Chalk River, Ontario, a production facility for medical isotopes, is planning on shipping weapons-grade nuclear waste to South Carolina in the United States. It is one of the major Canadian issues in the renewed spotlight on nuclear challenges.
Photo Credit: CP / Sean Kilpatrick

Nuclear renewal or review in wake of Trump tweets

U.S. President-elect Donald Trump’s nuclear tweet yesterday put nuclear issues back in the spotlight.

“The United States must greatly strengthen and expand its nuclear capability until such time as the world comes to its senses regarding nukes.” Trump tweeted.

There is a lot of discussion today about what he meant. ‘For Gordon Edwards it is ‘an astounding statement, especially considering the delicacy of the whole situation regarding nuclear weapons.’

Instant climate change… ‘make the world uninhabitable in a matter of hours’

Gordon Edwards, head of the Canadian Coalition for Nuclear Responsibility, describes nuclear weapons as ‘the only mechanism that we have that can make the world uninhabitable in a matter of hours’.


He says the United States and Russia have 93 per cent of the world’s nuclear weapons and to say that it’s necessary to expand that capacity, ‘is really quite absurd’. Edwards says, “It’s a very scary statement because it means that we haven’t really learned our lesson from the past.’

Along with the potential of a renewed nuclear arms race, however, the world must come to terms with the reality and the legacy of nuclear power.

In a lengthy year-end interview Edwards discussed some of the positive developments in the nuclear power industry, which is leaving a growing pile of deadly waste that remains a challenge without a solution, and this awakening regarding a potential nuclear arms race.

‘The age of nuclear power is winding down.’

Gordon Edwards says ‘the world’s recognition that nuclear power is not something that offers a future, a sustainable future’, is a very positive development, and that the age of nuclear power is winding down.

There are fewer nuclear reactors in operation now in the west than there have been for decades.

Edwards cites Japan’s cancellation of the troubled Monju reactor, once touted as the state of the art in nuclear power technology.

Another positive move is the recent resolution at the United Nation’s General Assembly calling for a treaty to ban nuclear weapons completely. While the nuclear-equipped nations are boycotting the resolution, the debate over the failure of the Nuclear Non-Proliferation Treaty, will help promote debate, particularly in the upcoming Trump administration in the United States.

‘We are now entering the age of nuclear waste.’ 

In another development, the province of Quebec has joined the Canadian provinces of British Columbia on the west-coast, and Nova Scotia on the east, in declaring a moratorium on uranium mining.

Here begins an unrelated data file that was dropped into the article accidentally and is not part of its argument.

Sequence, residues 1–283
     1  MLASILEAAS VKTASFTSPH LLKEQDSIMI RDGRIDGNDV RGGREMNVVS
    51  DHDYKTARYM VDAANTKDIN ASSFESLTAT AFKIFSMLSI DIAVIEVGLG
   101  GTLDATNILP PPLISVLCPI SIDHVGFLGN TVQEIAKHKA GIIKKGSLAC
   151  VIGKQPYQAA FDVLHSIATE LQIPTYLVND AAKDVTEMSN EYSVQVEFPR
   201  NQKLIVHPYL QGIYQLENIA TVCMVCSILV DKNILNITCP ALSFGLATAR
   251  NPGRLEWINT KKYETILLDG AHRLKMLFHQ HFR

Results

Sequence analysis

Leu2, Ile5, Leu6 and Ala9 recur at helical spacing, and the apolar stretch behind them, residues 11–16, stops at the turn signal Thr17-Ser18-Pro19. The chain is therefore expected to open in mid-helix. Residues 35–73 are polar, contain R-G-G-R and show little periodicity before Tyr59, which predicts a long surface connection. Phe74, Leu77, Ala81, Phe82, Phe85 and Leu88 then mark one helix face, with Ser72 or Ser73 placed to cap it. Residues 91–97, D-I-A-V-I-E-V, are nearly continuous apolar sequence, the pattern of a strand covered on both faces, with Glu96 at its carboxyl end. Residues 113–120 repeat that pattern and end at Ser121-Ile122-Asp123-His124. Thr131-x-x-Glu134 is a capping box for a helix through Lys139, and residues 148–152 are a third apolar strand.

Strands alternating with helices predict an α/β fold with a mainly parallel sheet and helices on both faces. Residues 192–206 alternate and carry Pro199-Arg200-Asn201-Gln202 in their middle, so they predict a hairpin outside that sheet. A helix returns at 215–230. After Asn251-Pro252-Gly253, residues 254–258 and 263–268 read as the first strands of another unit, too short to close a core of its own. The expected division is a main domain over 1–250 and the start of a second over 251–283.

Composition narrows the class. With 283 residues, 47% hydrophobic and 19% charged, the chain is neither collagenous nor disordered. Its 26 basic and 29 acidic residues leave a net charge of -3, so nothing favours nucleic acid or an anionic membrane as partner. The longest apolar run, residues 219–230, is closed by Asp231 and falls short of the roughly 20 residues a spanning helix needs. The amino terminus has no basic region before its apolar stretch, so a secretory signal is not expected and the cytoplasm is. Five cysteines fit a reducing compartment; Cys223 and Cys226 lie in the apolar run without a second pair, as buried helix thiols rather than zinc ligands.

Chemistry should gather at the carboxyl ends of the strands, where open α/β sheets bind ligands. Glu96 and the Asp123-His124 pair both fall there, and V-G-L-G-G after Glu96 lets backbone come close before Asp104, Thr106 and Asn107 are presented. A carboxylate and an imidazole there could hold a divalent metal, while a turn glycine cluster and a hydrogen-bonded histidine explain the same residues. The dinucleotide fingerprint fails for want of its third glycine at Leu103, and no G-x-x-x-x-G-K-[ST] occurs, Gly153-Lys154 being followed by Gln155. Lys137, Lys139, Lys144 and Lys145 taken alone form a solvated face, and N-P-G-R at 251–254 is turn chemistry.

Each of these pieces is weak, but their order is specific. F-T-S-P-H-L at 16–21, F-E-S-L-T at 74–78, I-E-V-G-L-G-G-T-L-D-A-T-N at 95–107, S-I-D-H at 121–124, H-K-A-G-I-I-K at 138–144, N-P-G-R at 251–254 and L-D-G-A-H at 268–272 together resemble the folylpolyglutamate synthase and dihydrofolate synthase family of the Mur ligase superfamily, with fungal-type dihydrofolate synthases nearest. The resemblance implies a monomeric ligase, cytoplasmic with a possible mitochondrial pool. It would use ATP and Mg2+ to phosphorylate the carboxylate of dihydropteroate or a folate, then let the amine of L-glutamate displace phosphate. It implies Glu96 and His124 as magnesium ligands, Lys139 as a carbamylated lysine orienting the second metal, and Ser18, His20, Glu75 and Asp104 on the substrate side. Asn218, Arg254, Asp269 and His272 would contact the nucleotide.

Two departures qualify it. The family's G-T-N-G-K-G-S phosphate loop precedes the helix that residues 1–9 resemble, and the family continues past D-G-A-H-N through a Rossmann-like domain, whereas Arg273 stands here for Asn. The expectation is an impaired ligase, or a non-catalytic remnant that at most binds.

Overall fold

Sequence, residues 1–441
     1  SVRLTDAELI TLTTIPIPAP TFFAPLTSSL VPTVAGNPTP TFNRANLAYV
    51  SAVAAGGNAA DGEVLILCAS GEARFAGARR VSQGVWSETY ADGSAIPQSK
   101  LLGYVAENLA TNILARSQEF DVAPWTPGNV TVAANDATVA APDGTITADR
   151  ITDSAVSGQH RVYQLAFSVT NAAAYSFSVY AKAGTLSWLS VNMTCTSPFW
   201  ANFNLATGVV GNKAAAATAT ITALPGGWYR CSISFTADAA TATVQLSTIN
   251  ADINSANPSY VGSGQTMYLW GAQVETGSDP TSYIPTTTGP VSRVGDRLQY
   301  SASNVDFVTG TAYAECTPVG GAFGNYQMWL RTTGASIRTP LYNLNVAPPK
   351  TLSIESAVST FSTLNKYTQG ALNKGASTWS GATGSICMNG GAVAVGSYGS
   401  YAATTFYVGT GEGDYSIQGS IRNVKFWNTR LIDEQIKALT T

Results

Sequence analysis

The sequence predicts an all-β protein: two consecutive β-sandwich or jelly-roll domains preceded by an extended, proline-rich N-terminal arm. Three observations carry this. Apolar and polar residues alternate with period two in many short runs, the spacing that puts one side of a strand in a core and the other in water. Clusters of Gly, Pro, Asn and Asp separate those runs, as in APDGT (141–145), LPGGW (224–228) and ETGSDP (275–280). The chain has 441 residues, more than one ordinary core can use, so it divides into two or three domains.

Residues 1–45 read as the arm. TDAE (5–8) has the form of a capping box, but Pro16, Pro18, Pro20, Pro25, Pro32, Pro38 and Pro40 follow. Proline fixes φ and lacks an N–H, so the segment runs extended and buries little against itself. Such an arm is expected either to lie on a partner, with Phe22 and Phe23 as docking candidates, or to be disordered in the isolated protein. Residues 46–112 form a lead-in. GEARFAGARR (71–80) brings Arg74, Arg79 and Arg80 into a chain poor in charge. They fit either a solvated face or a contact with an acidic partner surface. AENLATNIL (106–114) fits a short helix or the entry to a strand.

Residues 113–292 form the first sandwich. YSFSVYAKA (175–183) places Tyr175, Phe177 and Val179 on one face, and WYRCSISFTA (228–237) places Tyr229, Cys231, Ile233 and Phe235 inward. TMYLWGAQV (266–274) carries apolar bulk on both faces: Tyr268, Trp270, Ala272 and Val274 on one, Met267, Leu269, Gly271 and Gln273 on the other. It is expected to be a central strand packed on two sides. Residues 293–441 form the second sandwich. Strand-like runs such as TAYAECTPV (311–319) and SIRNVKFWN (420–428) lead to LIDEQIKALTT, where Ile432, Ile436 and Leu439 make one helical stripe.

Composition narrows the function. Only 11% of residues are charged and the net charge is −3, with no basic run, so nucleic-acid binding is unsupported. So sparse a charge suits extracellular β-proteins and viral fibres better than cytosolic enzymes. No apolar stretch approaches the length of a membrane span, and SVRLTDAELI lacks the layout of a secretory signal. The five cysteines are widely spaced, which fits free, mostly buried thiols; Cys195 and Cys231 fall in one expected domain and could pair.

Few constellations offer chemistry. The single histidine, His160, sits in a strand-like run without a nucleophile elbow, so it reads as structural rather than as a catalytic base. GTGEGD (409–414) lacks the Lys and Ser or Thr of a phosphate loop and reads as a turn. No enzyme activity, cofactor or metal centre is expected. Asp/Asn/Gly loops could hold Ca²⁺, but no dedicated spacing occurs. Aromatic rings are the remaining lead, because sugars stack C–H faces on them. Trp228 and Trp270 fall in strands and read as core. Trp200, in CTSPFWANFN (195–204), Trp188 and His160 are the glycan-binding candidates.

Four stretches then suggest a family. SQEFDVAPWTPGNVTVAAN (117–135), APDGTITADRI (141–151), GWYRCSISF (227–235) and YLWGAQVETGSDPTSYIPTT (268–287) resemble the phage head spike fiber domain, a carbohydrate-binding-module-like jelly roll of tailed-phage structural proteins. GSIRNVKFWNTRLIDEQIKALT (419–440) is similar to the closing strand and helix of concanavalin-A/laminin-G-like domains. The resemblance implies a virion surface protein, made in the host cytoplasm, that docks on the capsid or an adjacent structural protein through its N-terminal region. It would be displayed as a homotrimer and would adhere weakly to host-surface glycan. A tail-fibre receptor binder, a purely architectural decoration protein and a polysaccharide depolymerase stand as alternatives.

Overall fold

‘Because we do not want to accumulate long-lived radio-active waste at the surface of the earth, we’re not going to bring this material to the surface of the earth’, Edwards says, in explaining the the thinking behind Quebec’s move.

Edwards says, ‘there are fewer nuclear reactors in operation now in the west than there have been for decades.’ Quebec closed its nuclear reactor at the end of 2012, and in the United States, old reactors are being decommissioned faster than new ones are being built.

 The downside according to Edwards is that ‘we are now entering the age of nuclear waste.’ Ontario is facing the possibility of having radio-active waste transported thousands of kilometres, over the Great Lakes watershed, to a storage facility in South Carolina. 

‘Nuclear waste cannot be eliminated it can only be moved… it can only be repackaged and stored.’

Just a couple of ounces of this liquid material, could poison the drinking water for a entire city.

‘This stuff is so radio-active, if you were to take, for example, the reservoir that feeds the drinking water for Washington D.C. and put two ounces of this material into that reservoir and stir it up, then you would have contaminated the reservoir to the point where it would be undrinkable.’

The proposed transport will take 150 tanker trucks, accompanied by armed convoy. Edwards questions the safety of moving the waste in liquid form, why not solidify it first, or best of all, leave it where it is in Chalk River, he says.

While there has been no great public opposition to the transportation plan yet, 44 organisations have written to both Prime Minister Justin Trudeau and President Obama requesting that this series of shipments be held until the existing regulatory process under the Great Lakes agreement is followed.

Regarding nuclear weapons, as the International Physicians for the Prevention of Nuclear War suggested several years ago, the arms race is similar to an addiction; those involved can’t see what they’re doing, and they need help.

Today, Vladimir Putin downplayed Trump’s tweet during a televised year-end news conference. The statement came as no surprise he said, since Trump had made similar statements during the recent election campaign.

Putin clarified that Russia is continuing to modernize its armed forces, including its nuclear weapons. And he said Russia is not interested in a renewed arms race, but is working to improve the capacity to break through missile defenses.

NATO’s deployment of missile defense systems in countries bordering Russia has raised tensions between Moscow and the West.

And Trump, for his part, told MSNBC’s Mika Brzezinski, in an off-air phone call this morning, what he meant in yesterday’s tweet, proclaiming, ‘Let there be an arms race, we will outmatch them at every pass, and outlast them all.’

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